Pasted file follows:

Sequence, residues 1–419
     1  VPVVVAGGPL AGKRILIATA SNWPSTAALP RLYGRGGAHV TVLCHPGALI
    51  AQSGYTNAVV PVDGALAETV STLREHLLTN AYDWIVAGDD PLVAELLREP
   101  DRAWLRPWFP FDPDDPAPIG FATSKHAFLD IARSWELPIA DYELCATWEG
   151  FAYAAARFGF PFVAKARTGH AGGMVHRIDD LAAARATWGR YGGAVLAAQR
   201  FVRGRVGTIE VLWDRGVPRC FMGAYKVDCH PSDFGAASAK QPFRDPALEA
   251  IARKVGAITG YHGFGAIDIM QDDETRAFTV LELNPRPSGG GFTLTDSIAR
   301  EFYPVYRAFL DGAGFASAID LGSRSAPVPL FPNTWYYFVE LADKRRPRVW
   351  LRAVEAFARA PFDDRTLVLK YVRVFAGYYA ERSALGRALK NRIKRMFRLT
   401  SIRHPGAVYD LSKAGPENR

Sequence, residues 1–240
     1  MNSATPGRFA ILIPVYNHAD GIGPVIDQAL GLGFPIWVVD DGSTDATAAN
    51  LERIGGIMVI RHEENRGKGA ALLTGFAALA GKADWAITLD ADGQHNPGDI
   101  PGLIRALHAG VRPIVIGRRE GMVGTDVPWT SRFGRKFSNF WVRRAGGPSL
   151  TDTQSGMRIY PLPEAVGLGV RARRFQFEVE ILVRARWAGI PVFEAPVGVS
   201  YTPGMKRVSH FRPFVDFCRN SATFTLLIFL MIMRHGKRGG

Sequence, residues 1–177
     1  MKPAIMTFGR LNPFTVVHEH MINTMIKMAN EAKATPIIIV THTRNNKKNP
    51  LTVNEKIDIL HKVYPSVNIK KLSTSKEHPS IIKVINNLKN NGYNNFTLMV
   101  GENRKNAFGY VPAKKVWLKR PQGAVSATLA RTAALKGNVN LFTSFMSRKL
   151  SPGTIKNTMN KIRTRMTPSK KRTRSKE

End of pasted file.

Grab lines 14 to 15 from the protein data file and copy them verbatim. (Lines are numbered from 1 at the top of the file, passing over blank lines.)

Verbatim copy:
   101  PGLIRALHAG VRPIVIGRRE GMVGTDVPWT SRFGRKFSNF WVRRAGGPSL
   151  TDTQSGMRIY PLPEAVGLGV RARRFQFEVE ILVRARWAGI PVFEAPVGVS